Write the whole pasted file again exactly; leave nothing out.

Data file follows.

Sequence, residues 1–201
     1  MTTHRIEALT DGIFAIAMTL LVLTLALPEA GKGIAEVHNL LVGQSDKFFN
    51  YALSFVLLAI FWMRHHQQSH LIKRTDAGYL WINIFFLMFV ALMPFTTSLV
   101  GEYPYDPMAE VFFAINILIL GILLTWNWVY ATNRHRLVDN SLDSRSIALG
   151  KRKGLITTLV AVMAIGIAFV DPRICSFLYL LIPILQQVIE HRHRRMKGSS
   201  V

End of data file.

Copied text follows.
Sequence, residues 1–201
     1  MTTHRIEALT DGIFAIAMTL LVLTLALPEA GKGIAEVHNL LVGQSDKFFN
    51  YALSFVLLAI FWMRHHQQSH LIKRTDAGYL WINIFFLMFV ALMPFTTSLV
   101  GEYPYDPMAE VFFAINILIL GILLTWNWVY ATNRHRLVDN SLDSRSIALG
   151  KRKGLITTLV AVMAIGIAFV DPRICSFLYL LIPILQQVIE HRHRRMKGSS
   201  V